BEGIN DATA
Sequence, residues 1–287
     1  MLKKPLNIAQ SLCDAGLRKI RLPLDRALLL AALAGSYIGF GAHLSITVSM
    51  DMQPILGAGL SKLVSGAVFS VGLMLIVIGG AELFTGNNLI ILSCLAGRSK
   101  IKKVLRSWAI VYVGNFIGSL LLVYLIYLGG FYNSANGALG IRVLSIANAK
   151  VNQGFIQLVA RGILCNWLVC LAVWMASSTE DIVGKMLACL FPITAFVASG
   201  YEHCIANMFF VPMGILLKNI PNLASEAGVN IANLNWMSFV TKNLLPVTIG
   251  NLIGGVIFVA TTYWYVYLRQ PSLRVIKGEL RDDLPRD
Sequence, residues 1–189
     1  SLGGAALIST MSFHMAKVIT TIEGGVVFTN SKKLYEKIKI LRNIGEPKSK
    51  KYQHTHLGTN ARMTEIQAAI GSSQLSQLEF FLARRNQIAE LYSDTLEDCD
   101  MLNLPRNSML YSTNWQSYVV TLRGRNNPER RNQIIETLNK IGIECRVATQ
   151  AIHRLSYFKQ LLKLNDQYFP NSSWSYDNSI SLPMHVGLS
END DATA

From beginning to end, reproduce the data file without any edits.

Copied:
Sequence, residues 1–287
     1  MLKKPLNIAQ SLCDAGLRKI RLPLDRALLL AALAGSYIGF GAHLSITVSM
    51  DMQPILGAGL SKLVSGAVFS VGLMLIVIGG AELFTGNNLI ILSCLAGRSK
   101  IKKVLRSWAI VYVGNFIGSL LLVYLIYLGG FYNSANGALG IRVLSIANAK
   151  VNQGFIQLVA RGILCNWLVC LAVWMASSTE DIVGKMLACL FPITAFVASG
   201  YEHCIANMFF VPMGILLKNI PNLASEAGVN IANLNWMSFV TKNLLPVTIG
   251  NLIGGVIFVA TTYWYVYLRQ PSLRVIKGEL RDDLPRD
Sequence, residues 1–189
     1  SLGGAALIST MSFHMAKVIT TIEGGVVFTN SKKLYEKIKI LRNIGEPKSK
    51  KYQHTHLGTN ARMTEIQAAI GSSQLSQLEF FLARRNQIAE LYSDTLEDCD
   101  MLNLPRNSML YSTNWQSYVV TLRGRNNPER RNQIIETLNK IGIECRVATQ
   151  AIHRLSYFKQ LLKLNDQYFP NSSWSYDNSI SLPMHVGLS